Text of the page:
Walking or cycling to work reduces stress and improves brain power, according to a new survey.
Workers who commute to work by bus or train are happier than those who use their car, despite the crowds and disruption, the study also found.
18,000 British workers were studied by a team at University of East Anglia. It found that commuting which involved some physical activity, such as cycling or walking, improved measures like feelings of worthlessness, sleepless nights and unhappiness.
According to the Independent, the researchers believe that the exercise taken to walk to the bus stop or station and then the relaxation while travelling helps to make people feel better.
Lead researcher Adam Martin, from UEA's Norwich Medical School, said: "One surprising finding was that commuters reported feeling better when travelling by public transport, compared to driving.
"You might think that things like disruption to services or crowds of commuters might have been a cause of considerable stress. But as buses or trains also give people time to relax, read, socialise, and there is usually an associated walk to the bus stop or railway station, it appears to cheer people up."
He added: "This research shows that if new projects such as London's proposed segregated cycleways, or public transport schemes such as Crossrail, were to encourage commuters to walk or cycle more regularly, then there could be noticeable mental health benefits."
Researchers reported that car commuters were 13 per cent more likely to feel they were under constant strain or unable to concentrate.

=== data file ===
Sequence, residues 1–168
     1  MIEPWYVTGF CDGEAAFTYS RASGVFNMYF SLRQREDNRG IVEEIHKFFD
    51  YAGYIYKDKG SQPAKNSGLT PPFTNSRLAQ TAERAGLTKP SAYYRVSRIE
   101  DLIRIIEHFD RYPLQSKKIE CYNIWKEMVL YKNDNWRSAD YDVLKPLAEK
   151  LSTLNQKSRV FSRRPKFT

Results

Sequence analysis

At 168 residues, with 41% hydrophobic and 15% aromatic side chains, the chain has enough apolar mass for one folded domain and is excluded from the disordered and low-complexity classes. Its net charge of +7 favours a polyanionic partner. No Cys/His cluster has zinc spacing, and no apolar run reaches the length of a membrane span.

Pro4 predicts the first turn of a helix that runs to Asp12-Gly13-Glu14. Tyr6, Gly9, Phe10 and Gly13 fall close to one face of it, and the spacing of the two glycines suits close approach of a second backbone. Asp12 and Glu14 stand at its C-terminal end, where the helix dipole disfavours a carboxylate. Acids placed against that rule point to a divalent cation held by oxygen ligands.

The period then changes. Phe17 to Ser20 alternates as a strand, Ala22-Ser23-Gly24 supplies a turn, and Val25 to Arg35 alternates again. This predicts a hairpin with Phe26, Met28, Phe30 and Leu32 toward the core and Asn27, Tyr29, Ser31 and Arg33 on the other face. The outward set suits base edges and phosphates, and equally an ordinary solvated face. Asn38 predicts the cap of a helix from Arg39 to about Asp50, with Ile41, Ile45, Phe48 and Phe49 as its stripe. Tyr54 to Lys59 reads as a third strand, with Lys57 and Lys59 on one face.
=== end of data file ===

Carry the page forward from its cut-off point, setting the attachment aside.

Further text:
It was also found that people who had longer walks to work within their commute had high scores on the well-being test and switching from driving to other forms of commuting increased the well-being score, reports the Telegraph.
The research has been published in the journal, Preventive Medicine.
The journal article said: "Together, these results appear to suggest that avoiding car driving may be beneficial to well-being. This view complements existing evidence of a negative association between driving and physical health and is consistent with the hypothesis that car driving, a non-passive travel mode that requires constant concentration, can give rise to boredom, social isolation and stress.
"However, this view is also consistent with the hypothesis that intrinsic enjoyment is gained from the exercise or relaxation associated with active travel."
According to researchers, this is the first long term study to investigate modes of commuting and the effect on well-being.